Sales of digital currency are input taxed sales (financial supplies) which means that you:
- don't pay GST on the sales of digital currency you make
- generally can't claim GST credits for the GST included in the price you pay for anything you purchase to make those sales.
However, you may be able to claim GST credits on purchases you use to make digital currency sales in following situations:
- if you don't exceed the financial acquisitions threshold-in which case you will be entitled to full GST credits for purchases relating to digital currency sales
- if you exceed the financial acquisitions threshold may be able claim reduced GST credits if you make a specific type of purchase.
Reduced GST credits
A reduced credit acquisition is a specified type of purchase for which a reduced GST credit is available when you use the purchase to make financial supplies. For these purchases you can claim 75% of any GST included in the purchase price. The type of purchase must be listed, you cannot claim 75% GST credits on all your costs. Sales and purchases of digital currency are financial supplies.
For digital currency sellers, the costs associated with the following services acquired from another entity will include:
- commission, brokerage costs or arranging services provided by entities that facilitate buying and selling of digital currencies. See Example 1 below
- costs in relation to transaction processing, account maintenance and report generation services.
GST-free sales of digital currency
If, you are making sales of digital currency to non-residents, those sales will be GST-free. As a result, you would not charge any GST on the sales to non-residents but you are entitled to claim full GST credits for costs incurred in relation to making those sales. Normal GST registration rules would apply.
Using digital currency to pay for goods and services
No GST consequences arise when you use digital currency to pay for goods and services in your business. Digital currency is a method of payment and the consequences of using it as payment are the same as the consequences of using money as payment.
Receiving digital currency as payment
If you receive digital currency as payment for your sales of goods and services normal GST rules apply. For example, if you make a taxable sale of goods for which you received digital currency as payment, you are required to remit 1/11th of the payment received for that taxable sale. The amount of GST your remit and report on your activity statement has to be an amount of money in Australian currency.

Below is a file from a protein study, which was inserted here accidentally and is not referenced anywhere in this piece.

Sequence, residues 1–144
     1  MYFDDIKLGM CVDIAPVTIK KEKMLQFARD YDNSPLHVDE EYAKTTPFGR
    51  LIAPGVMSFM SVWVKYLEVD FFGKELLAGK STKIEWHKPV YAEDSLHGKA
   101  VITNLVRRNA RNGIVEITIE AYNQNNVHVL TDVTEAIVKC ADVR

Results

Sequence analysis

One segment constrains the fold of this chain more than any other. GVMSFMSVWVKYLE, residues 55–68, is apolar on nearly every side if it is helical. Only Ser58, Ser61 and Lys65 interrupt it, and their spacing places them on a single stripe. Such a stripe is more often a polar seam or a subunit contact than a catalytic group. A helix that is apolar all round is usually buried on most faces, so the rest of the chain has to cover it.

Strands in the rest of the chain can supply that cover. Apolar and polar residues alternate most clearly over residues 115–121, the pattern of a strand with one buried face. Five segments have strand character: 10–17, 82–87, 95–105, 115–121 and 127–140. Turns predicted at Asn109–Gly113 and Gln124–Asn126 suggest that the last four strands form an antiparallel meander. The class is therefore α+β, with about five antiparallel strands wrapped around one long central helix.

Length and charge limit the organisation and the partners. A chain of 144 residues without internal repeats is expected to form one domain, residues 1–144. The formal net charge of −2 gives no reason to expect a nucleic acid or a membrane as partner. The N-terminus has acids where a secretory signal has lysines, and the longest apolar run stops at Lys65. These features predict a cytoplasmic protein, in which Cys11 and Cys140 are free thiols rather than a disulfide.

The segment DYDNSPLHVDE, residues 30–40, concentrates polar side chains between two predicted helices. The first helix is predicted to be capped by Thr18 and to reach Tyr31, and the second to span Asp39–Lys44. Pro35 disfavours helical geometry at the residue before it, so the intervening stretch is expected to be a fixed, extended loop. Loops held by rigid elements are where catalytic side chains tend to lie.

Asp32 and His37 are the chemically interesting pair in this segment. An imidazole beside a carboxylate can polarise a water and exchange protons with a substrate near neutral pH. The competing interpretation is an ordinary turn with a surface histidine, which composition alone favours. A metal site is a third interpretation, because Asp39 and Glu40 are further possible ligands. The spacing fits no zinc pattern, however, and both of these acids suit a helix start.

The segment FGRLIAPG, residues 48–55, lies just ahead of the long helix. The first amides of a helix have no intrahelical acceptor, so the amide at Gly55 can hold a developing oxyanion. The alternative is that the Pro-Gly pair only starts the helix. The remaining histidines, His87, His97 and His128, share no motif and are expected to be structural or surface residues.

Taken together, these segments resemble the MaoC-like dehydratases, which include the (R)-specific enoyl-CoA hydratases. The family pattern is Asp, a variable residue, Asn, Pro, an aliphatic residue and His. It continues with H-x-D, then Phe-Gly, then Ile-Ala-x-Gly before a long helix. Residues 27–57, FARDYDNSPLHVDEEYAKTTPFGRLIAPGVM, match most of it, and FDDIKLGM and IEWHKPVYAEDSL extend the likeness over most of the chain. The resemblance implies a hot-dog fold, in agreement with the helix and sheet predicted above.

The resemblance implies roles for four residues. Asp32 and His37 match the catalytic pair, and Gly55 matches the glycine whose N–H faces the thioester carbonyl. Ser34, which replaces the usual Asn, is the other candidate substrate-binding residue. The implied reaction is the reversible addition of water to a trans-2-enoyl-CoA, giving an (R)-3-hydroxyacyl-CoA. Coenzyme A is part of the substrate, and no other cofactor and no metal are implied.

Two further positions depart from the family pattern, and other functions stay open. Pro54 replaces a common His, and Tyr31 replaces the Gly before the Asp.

If you make a taxable sale and the consideration received as payment is expressed in digital currency, in addition to complying with the standard tax invoice requirements under the GST law, you also must:
- include on the document the GST payable in Australian currency; or
- provide 'sufficient information' to the recipient to work out the GST payable on the sale in Australian currency.
Examples of sufficient information include:
- the price expressed in Australian currency
- the value expressed in Australian currency; or
- the GST payable, the price or value expressed in a digital currency and the conversion rate used by the seller, or a statement, to work out the GST payable in Australian currency.
Examples - Digital currency in practice
From 1 July 2017, sales and purchases of digital currency are not subject to GST. This means that you do not charge GST on your sales of digital currency and similarly, you are not entitled to GST credits for purchases of digital currency.
Example 1: digital currency exchange operator
CryptoP2P Pty Ltd (CryptoP2P) operates as an online digital currency exchange in Australia. The exchange allows digital currency buyers and sellers to buy and sell directly with each other. CryptoP2P does not sell or purchase digital currency; it provides the exchange platform that facilitates other entities doing so. CryptoP2P's website looks similar to a securities exchange with a list of buy and sell orders made available to all customers.
CryptoP2P charges a percentage commission to both buyers and sellers for each digital currency transaction. CryptoP2P is making taxable sales of brokerage or facilitation services to its customers. CryptoP2P does not make any sales of digital currency, nor does it acquire digital currency.
Customers of CryptoP2P that are selling and buying digital currency from each other directly are making input taxed sales and acquisitions. As a result, no GST liabilities arise and generally no GST credits can be claimed. However, depending on their individual circumstances, sellers of digital currency may be entitled to a full GST credit (if they are under a financial acquisitions threshold) or a reduced GST credit in relation to the commission charged by the CrytoP2P.
Example 2: consumer selling digital currency to a digital currency trader
Jackson carries on an online business of buying and selling bitcoin (a digital currency) online in Australia. Jackson is registered for GST. Jackson does not provide a trading platform where his customers can buy and sell bitcoin with each other; Jackson's customers must buy from Jackson and sell to him.